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Can I receive car insurance discounts with a DUI on my driving record?

Yes, you can. DUI convictions don’t disqualify you from getting car insurance discounts.

If you have good credit, you can avoid stiff auto insurance rates. You can also bundle your car insurance with other insurance products to save more money.

When you qualify for multiple car insurance discounts, you can save hundreds of dollars per year.

How long does a DUI remain on your car insurance record?

Auto insurance companies typically have a look-back period of three years. Since DUIs and DWIs stay on your driving history for five to ten years, you could face expensive car insurance rates for the same amount of time.

Can I check my driving record?

Yes, you can. Contact your local Department of Motor Vehicles (DMV), or Bureau of Motor Vehicles (BMV), and request a copy of your driving record.

Since the COVID-19 pandemic, many requests have been made either online or by appointment. Therefore, check your DMV’s website to determine if you can access your driving record online.

You can also obtain a copy of your driving history by contacting the Office of the Secretary of State, the State Department of Revenue, the Department of Public Safety, or the Motor Vehicle Division in your state.

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Why is law enforcement so strict on DUI drivers?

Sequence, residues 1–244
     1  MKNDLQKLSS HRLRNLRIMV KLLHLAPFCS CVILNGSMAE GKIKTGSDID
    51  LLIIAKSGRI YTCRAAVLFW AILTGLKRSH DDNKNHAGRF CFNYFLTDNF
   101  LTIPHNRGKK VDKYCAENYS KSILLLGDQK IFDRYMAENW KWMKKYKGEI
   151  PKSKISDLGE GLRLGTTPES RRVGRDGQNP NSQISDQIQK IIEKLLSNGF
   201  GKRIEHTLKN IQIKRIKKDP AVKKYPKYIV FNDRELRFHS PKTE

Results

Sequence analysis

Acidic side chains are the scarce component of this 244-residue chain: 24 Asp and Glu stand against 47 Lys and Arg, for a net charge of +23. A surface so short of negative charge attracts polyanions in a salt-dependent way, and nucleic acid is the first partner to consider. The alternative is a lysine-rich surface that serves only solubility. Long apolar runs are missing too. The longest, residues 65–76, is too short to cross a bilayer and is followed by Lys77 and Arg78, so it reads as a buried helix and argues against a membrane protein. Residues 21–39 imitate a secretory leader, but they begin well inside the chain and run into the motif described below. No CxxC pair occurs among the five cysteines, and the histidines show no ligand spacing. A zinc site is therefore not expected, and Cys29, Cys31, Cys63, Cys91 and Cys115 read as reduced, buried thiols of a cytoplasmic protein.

According to the National Highway Traffic Safety Administration (NHTSA), 28 people die in drunk-driving crashes every day. In 2019, 10,142 victims were in fatal accidents involving an alcohol-impaired driver.

DUI-related deaths are preventable. Federal and state governments are advocating to reduce drunk driving by handing out harsh sentences and hefty fines to discourage people from drinking and driving.

How Long Does a DUI Stay on Your Driving Record: The Bottom Line

DUIs and DWIs remain on your driving record for ten years on average; however, some state laws require a DUI to linger on your record for five years.

Most traffic infractions have a small impact on your auto insurance rates. However, DUIs and DWIs generate the most significant increase.

To save money on car insurance after a DUI, you must qualify for multiple discounts to lower your rates.

Now that you know how long a DUI remains on your driving record, use our free online quote tool to compare multiple insurance companies near you.

Frequently Asked Questions: How long does a DUI remain on your driving record?

Do you want to learn more about DUIs and driving records? Read these answers to frequently asked questions to learn more about DUIs and DWIs.

#1 – How can I lower my car insurance after a DUI conviction?

You can lower expensive auto insurance rates when you qualify for discounts like good credit, safety features, and product bundles.

#2 – What’s the difference between a DUI vs. a DWI?

DUI stands for driving under the influence, which is usually connected to alcohol-impaired drivers. But DWI is short for driving while intoxicated. Both are nearly the same, but each state defines them differently.

#3 – Do I need to get an SR-22 after a DUI conviction?

Yes, you do. If you have a DUI conviction on your driving record, you’ll likely need an SR-22. If you live in Florida or Virginia, you’ll need an FR-44 certification instead.